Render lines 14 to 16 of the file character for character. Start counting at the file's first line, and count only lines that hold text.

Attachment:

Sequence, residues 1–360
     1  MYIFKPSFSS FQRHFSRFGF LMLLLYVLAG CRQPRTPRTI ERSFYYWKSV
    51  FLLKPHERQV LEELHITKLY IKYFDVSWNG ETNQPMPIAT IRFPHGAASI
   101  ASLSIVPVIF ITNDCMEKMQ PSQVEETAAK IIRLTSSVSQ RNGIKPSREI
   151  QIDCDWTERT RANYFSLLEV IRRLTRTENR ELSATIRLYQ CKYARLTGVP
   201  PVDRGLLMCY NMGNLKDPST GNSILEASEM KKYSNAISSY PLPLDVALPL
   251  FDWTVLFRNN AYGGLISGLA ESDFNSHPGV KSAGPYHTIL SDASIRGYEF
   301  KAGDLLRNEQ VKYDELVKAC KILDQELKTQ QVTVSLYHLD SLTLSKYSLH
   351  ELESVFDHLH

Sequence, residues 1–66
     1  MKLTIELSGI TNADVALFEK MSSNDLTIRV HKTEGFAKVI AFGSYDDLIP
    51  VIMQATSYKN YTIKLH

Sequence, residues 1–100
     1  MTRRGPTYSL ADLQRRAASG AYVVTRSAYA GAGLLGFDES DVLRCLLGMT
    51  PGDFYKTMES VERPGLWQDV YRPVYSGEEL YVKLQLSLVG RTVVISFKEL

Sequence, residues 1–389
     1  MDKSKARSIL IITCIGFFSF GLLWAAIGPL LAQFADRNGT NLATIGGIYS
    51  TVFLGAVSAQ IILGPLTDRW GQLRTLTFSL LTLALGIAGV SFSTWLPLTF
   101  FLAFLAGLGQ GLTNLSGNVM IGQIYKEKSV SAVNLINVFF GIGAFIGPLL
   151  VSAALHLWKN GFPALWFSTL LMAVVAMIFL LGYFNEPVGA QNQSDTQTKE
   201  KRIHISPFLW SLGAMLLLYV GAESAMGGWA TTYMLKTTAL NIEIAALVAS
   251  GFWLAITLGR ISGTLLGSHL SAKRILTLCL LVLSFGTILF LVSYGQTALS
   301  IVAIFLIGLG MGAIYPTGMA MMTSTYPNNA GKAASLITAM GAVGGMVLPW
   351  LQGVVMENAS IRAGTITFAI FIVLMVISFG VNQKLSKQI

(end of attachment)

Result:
     1  MTRRGPTYSL ADLQRRAASG AYVVTRSAYA GAGLLGFDES DVLRCLLGMT
    51  PGDFYKTMES VERPGLWQDV YRPVYSGEEL YVKLQLSLVG RTVVISFKEL

Sequence, residues 1–389